The Rev. Cecil “Chip” Murray will receive an honorary doctor of humane letters degree, honoris causa, at USC’s 119th commencement ceremonies on May 10.
Murray became pastor of the First African Methodist Episcopal Church – the oldest black congregation in Los Angeles – in 1977.
The Church’s membership, then a mere 300, has since grown to more than 17,500.
As part of his effort “to take the church beyond its walls,” Murray established a major community-outreach program. All of First AME’s members are required to join one of roughly 30 task forces that help in a number of areas, including homelessness, education and substance abuse.
Their accomplishments include the creation of a $5-million transportation program for seniors and the handicapped and programs that have provided free tutoring, legal aid and computer training to members of the local community, he said.
Murray said USC has also helped the community surrounding the university.
“USC did not run from the surge of need that exploded around it. Rather, it went out to meet the need,” he said. “The truth it expounded did not take wings, but roots, leading to programs that reached beyond culture, class, color and caste to all concerned.”
A Floria native, Murray earned his undergraduate degree from Florida A&M University in 1951 and served 10 years in the U.S. Air Force, first as a jet radar intercept officer for the Air Defense Command and later as a navigator with the Air Transport Service.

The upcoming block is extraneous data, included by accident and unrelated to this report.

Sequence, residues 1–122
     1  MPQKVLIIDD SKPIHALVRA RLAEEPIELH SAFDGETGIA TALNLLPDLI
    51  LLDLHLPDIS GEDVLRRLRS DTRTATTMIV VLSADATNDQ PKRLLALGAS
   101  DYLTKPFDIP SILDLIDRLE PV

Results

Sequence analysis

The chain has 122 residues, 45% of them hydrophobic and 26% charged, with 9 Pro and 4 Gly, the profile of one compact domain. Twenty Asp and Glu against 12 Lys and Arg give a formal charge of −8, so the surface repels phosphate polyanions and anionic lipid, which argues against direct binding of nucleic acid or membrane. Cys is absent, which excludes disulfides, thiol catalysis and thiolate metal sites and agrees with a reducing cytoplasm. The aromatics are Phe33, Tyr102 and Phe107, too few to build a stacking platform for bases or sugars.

He was awarded the Soldier’s Medal for Valor in 1958 for trying to save a fellow flight-crew member’s life following an explosion in Murray’s two-seat fighter jet.
He retired as a reserve major and went on to earn a doctorate in religion from the Claremont School of Theology in 1964.
Murray has since lectured at Seattle University, the Claremont School of Theology, Fuller Theological Seminary in Pasadena and Northwest Theological Seminary in Lynwood, Wash.
He was a key figure calling for calm in the 1992 Los Angeles riots, leading his parishioners to form a protective line for police and firefighters against rock throwers.
Murray said he responds to receiving an honorary USC degree “as a battlefield warrior responds to receiving plaudits [from] the commander.”
“This makes the arduous sacrifices seem worthwhile. This puts the battle in focus, the arena in perspective,” he said. “This, coming from the top of the line, is a foretaste of glory divine,” he said.
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